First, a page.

The statistics methods of the paper imply that all analysis was two-tailed t-test, clearly inappropriate for small samples sizes that violate normality assumptions.

    • Conrad Seitz MD November 10, 2014 at 7:32 pm

      I agree, with only seven subjects shouldn’t they have used non parametric statistics? I think for seven data points you don’t have significance unless all seven are pointing in the same direction…
      And showing the results as a bar chart instead of a scattergram is totally inappropriate.
      In my humble opinion.

  • John Smith November 10, 2014 at 8:06 pm

    Also note that the first author on the paper, Peng Yi, was Melton’s postdoc, and he recently got a job as an assistant professor at the prestigious Joslin Diabetes Center on the basis of this betatrophin work. As noted on the institute website, a major thrust of his research will be around this so called “beta-trophin” (see below). Not sure there’s much worth characterizing!

    “The major focus in Dr. Yi’s laboratory right now is to characterize a newly discovered liver/fat secreted protein, Betatrophin (also known as RIFL, Lipasin and Angptl8), that can specifically promote pancreatic beta cell proliferation in rodents. Using proteomics, biochemical and genetic approaches, Dr. Yi’s laboratory is investigating the regulation mechanism of Betatrophin, the active form of Betatrophin in circulation and searching for receptors of Betatrophin.”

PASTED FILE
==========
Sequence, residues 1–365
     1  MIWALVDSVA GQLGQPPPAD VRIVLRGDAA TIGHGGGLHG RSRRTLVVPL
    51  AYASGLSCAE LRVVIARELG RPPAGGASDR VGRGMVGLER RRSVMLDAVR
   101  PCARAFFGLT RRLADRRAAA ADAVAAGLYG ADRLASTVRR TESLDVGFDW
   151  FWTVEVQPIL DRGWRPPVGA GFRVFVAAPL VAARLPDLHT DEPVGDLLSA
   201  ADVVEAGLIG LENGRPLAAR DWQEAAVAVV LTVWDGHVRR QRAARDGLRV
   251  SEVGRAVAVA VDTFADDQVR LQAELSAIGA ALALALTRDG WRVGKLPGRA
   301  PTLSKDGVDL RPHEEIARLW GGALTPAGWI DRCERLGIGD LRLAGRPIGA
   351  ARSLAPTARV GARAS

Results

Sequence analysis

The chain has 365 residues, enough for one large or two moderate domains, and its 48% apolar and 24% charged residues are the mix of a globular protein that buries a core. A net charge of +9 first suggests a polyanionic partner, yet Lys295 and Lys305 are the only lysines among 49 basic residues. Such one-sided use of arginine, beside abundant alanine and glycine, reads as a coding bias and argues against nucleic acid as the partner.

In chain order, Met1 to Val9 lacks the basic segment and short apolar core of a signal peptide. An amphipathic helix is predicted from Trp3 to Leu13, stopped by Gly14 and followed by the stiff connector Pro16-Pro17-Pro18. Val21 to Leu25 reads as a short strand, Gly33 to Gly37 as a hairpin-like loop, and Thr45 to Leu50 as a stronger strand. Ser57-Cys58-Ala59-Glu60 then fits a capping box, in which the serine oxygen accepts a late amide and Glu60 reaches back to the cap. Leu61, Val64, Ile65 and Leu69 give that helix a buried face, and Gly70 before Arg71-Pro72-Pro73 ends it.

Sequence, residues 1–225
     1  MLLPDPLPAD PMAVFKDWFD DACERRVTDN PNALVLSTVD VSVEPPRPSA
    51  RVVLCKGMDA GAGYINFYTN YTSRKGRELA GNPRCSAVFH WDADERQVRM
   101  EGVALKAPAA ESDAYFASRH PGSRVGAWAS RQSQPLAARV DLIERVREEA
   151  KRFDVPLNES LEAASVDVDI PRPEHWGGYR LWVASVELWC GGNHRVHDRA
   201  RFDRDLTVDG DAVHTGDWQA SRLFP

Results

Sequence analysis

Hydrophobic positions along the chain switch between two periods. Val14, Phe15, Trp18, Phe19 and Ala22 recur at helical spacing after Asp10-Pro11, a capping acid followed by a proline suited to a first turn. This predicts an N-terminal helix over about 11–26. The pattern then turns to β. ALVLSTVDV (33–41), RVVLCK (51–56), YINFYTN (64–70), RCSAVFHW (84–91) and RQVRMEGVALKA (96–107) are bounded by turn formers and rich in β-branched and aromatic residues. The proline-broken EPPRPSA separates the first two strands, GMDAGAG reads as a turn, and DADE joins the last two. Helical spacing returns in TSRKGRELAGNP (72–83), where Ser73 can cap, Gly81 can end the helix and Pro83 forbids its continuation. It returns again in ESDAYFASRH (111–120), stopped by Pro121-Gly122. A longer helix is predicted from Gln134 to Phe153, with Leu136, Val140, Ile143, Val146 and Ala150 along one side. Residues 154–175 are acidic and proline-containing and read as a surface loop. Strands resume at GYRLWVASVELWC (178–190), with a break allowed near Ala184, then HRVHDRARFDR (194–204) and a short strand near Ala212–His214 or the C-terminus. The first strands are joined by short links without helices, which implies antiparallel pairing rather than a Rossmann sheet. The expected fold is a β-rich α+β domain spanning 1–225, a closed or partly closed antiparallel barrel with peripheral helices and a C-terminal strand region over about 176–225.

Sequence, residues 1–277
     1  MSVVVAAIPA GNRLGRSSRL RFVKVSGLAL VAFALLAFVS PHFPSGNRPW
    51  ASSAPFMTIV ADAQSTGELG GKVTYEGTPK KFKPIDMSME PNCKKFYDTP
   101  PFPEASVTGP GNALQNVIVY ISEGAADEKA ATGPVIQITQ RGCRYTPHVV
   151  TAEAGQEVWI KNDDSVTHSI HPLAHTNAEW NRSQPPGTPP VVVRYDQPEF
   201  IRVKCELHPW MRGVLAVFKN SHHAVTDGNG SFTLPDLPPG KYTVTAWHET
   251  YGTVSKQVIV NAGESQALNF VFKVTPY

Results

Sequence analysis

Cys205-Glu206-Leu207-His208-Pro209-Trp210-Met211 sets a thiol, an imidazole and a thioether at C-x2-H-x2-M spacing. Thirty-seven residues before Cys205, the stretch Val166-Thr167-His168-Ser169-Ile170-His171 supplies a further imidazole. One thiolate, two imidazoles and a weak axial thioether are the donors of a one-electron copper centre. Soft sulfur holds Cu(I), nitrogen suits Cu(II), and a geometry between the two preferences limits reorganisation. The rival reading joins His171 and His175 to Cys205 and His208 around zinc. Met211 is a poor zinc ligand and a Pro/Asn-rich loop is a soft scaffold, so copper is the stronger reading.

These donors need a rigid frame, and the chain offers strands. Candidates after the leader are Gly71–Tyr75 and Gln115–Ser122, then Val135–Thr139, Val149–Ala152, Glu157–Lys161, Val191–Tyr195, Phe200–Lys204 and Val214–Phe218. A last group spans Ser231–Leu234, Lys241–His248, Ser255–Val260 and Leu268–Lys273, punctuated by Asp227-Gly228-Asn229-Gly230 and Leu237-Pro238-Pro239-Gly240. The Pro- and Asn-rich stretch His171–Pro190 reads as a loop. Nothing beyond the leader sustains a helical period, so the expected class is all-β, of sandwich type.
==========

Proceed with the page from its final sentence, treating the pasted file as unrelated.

• j. doe November 10, 2014 at 11:15 pm

    JATdS
    Rather than a retraction, may I suggest, for those cases where one cannot say that things are as they are with 100% certainty, that a new category of manuscript emerge in science publishing, something like “Ongoing assessment” or similar, in which comments, critiques, defenses and rebuttals could be provided, in open access format, with a single DOI assigned, but updated once a year, for example, to accomodate all updates, and to not overwork the editor board? If publishers would start to more readily embrace the concept of post-publicaton peer review as part of the new publishing model, they would save themselves alot of future headaches.

    It seems your view is rather limited. The above would make many fields to only have these “ongoing assessments”. Maybe it is already like that in many fields, and I am not even talking about humanities etc. Maybe the cell field etc. should just align towards other fields: no 100 % assurances (who reaches this in the sense of probability?!), more short papers and reviews, more commentaries, more discussion, etc. You know, scientific debates are possible also in the traditional forums.

    I also agree with Melton about reserving retractions to wrongdoings.